Returns are expected to be generated mainly through rental income, though this will not be inflation-linked. Investing in the private rented sector has limited social benefits, particularly because rents are at market levels and there is no eligibility criteria to provide accommodation to those needing it the most.
Shared-ownership refers to a buyer purchasing an equity share of a home, usually between 25% and 75% (though the minimum initial share is potentially being reduced from 25% to 10%), while the housing provider retains ownership of the remaining equity. These schemes are available to households earning less than £80,000 per year (£90,000 in London). To take part, a minimum deposit of 10% of the value of the purchaser’s share is required with the remaining amount funded with a mortgage. They are then required to pay rent on the proportion of the home they do not own. They do then have the option to purchase additional shares and increase their ownership in the home over time.
Investors will be able to benefit from stable and long-term inflation-linked rental income as well as capital appreciation, which is realised through ‘staircasing’. This occurs when a shared-owner increases their proportion of the equity in the home. They will usually be buying at the market price whilst the investor would have bought the home at a significant discount because of government subsidies and bulk buying discounts from a housing provider.
Investing in shared-ownership housing is also beneficial from a social impact perspective. The government will set rent levels below market-rate levels, which provides a quantifiable social return and further, the scheme is able to help families and middle-income earners get onto the housing ladder.
There are various different levels of social and affordable housing. Social housing typically refers to the provision of accommodation alongside some form of care. This is generally for vulnerable groups including, but not limited to, the elderly, people with disabilities, people with mental health issues, those needing life-long care needs as well as homeless people.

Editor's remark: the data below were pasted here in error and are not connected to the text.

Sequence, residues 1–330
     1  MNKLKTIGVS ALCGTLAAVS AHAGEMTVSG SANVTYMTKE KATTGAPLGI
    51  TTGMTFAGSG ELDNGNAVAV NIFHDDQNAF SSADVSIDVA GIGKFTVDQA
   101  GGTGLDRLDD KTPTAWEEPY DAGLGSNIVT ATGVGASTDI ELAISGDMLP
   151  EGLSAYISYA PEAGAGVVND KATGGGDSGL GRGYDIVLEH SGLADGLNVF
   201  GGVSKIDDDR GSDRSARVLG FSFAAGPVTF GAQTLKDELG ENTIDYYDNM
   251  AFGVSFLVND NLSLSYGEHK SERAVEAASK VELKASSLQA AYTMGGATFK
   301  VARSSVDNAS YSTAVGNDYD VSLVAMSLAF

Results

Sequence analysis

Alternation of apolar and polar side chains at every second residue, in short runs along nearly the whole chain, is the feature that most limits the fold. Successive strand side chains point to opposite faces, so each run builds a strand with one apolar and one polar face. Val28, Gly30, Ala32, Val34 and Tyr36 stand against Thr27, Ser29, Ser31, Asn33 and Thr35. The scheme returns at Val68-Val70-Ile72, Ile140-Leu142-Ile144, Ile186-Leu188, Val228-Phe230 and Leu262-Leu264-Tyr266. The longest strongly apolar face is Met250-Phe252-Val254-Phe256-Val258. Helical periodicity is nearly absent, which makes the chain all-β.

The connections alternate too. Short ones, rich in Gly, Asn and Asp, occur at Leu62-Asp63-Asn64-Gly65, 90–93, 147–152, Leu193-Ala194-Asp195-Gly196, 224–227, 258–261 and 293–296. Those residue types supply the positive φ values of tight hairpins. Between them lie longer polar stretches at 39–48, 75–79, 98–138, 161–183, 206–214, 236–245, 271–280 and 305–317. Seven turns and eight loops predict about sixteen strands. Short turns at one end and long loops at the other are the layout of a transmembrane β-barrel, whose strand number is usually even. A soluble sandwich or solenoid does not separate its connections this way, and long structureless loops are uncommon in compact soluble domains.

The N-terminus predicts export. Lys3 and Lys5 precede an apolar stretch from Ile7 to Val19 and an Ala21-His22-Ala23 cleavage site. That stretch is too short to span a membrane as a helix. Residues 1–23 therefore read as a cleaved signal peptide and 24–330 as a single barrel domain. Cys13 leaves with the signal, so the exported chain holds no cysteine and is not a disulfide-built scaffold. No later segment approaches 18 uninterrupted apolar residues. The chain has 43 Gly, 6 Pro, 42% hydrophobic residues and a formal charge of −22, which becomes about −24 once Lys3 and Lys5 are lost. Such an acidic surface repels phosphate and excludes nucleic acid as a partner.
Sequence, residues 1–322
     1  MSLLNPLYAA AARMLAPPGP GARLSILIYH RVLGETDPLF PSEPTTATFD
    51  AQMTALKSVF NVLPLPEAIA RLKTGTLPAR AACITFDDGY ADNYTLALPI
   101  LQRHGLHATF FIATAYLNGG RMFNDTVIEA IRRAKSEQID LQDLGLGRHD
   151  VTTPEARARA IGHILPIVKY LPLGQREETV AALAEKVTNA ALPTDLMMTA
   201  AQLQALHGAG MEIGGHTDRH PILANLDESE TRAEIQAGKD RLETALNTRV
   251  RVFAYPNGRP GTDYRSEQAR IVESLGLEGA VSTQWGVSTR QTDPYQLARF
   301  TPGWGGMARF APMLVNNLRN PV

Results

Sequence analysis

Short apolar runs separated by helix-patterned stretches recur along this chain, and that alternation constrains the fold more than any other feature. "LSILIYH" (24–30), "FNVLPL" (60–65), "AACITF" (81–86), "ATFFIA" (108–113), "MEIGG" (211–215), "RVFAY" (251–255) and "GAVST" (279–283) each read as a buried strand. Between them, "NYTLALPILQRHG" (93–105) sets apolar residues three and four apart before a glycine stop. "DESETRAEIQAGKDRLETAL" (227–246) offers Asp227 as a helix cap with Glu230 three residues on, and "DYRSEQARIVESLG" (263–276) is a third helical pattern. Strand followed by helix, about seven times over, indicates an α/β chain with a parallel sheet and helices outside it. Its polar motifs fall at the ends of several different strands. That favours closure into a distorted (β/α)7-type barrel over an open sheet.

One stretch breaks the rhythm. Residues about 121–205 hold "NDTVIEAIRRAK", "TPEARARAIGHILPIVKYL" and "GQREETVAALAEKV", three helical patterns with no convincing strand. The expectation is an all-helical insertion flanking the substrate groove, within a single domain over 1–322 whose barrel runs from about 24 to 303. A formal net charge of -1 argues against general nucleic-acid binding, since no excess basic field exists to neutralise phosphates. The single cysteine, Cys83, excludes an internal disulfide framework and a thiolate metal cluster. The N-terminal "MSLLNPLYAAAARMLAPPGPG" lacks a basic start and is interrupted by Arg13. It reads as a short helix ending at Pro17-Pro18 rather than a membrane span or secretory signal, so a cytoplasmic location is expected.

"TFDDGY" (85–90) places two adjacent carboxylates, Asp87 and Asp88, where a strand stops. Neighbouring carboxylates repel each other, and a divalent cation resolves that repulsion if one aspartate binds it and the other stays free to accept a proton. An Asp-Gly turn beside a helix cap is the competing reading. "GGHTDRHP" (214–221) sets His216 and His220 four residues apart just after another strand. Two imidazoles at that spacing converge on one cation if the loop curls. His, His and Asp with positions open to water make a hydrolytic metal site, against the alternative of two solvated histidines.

The aim of affordable housing, however, is to support low to middle-income individuals or households with specific eligibility criteria i.e. key worker (healthcare, teachers etc.) households that are ineligible for social housing and struggle to find affordable accommodation elsewhere.
The returns from this asset class are driven by income but the extent of this will often depend on where investors sit on the social and affordable housing spectrum. Generally, income will be long-term and inflation-linked, though these rent levels, which are regulated, are exposed to changes in government legislation.
Both social and affordable housing are sectors within residential property where investors can make the largest contribution to positive social impacts, directly contributing to a number of Sustainable Development Goals. The asset class allows for the affordability and provision of housing at below market rents to a wide range of people, local community development as well as the energy efficiency benefits of new housing stock.
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Residential property is an attractive asset class for numerous reasons and the outlook for the sector looks favourable over the long-term. We believe it is worthwhile for investors to consider an allocation to residential property in a portfolio, alongside commercial property or as a standalone investment. If you would like to discuss residential property in relation to your institution’s investments, please get in touch with your usual Barnett Waddingham contact.